The plasmids from the positive clones were removed, and sequenced following art known techniques. A sequence search revealed that the plasmid insert was nearly identical to the cDNA for human tyrosinase, as described by Bouchard et al., J. Exp. Med. 169: 2029 (1989), the disclosure of which is incorporated by reference. Thus, a normally occurring molecule (i.e., tyrosinase), may act as a tumor rejection antigen precursor and be processed to form a peptide tumor rejection antigen which is presented on the surface of a cell, in combination with HLA-A2, thereby stimulating lysis by CTL clones. The nucleic sequence of the identified molecule is presented as SEQ ID NO: 1.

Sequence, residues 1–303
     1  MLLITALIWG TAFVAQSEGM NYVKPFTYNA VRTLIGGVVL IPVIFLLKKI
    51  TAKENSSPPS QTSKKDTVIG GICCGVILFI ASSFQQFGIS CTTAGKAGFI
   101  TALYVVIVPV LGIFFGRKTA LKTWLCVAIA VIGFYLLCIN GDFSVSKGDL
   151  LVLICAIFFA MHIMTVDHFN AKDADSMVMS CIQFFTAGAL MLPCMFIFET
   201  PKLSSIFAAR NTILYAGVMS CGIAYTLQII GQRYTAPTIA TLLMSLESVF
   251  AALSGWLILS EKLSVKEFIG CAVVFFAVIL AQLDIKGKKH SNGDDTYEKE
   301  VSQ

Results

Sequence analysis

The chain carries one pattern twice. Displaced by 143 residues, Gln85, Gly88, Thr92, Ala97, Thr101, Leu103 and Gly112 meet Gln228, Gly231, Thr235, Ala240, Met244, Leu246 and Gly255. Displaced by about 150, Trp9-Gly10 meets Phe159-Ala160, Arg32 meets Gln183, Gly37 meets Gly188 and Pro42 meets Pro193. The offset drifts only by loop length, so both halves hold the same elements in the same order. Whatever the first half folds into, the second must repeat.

Prior work reported by Chomez et al., Immunogenetics 35: 241 (1992) has shown that small gene fragments which contain a sequence coding for an antigenic peptide resulted in expression of that peptide. This work, which is incorporated by reference in its entirety, suggested the cloning of small portions of the human tyrosinase cDNA described supra and in SEQ ID NO: 1. Using the methodologies described in examples 1-5, various fragments of the cDNA were cotransfected with a gene for HLA-A2 in COS-7 cells, and TNF release assays were performed. These experiments led to identification of an approximately 400 base pair fragment which, when used in cotransfection experiments, provoked TNF release from cytolytic T cell clone CTL IVSB discussed supra, shown to be specific for HLA-A2 presenting cells. The 400 base fragment used corresponded to bases 711 to 1152 of SEQ ID NO: 1. The amino acid sequence for which the fragment codes was deduced, and this sequence was then compared to the information provided by Hunt et al., Science 255: 1261 (1992), and Falk et al., Nature 351: 290 (1991), the disclosures of which are both incorporated by reference in their entirety. These references discuss consensus sequences for HLA-A2 presented peptides. Specifically, Hunt discusses nonapeptides, where either Leu or Ile is always found at the second position, Leu being the "dominant residue". The ninth residue is described as always being a residue with an aliphatic hydrocarbon side chain. Val is the dominant residue at this position. Hunt, discusses a strong signal for Leu and an intermediate signal for Met at the second position, one of Val, Leu, Ile or Thr at position 6, and Val or Leu at position 9, with Val being particularly strong. On the basis of the comparison, nonapeptides were synthesized and then tested to see if they could sensitize HLA-A2 presenting cells. To do so, tyrosinase loss variant cell lines SK29-MEL 1.218 and T202LB were used. Varying concentrations of the tested peptides were added to the cell lines, together with either of cytolytic T cell clone CTL IVSB or cytolytic T cell clone CTL 2/9. Prior work, described supra, had established that the former clone lysed tyrosinase expressing cells which present HLA-A2, and that the latter did not.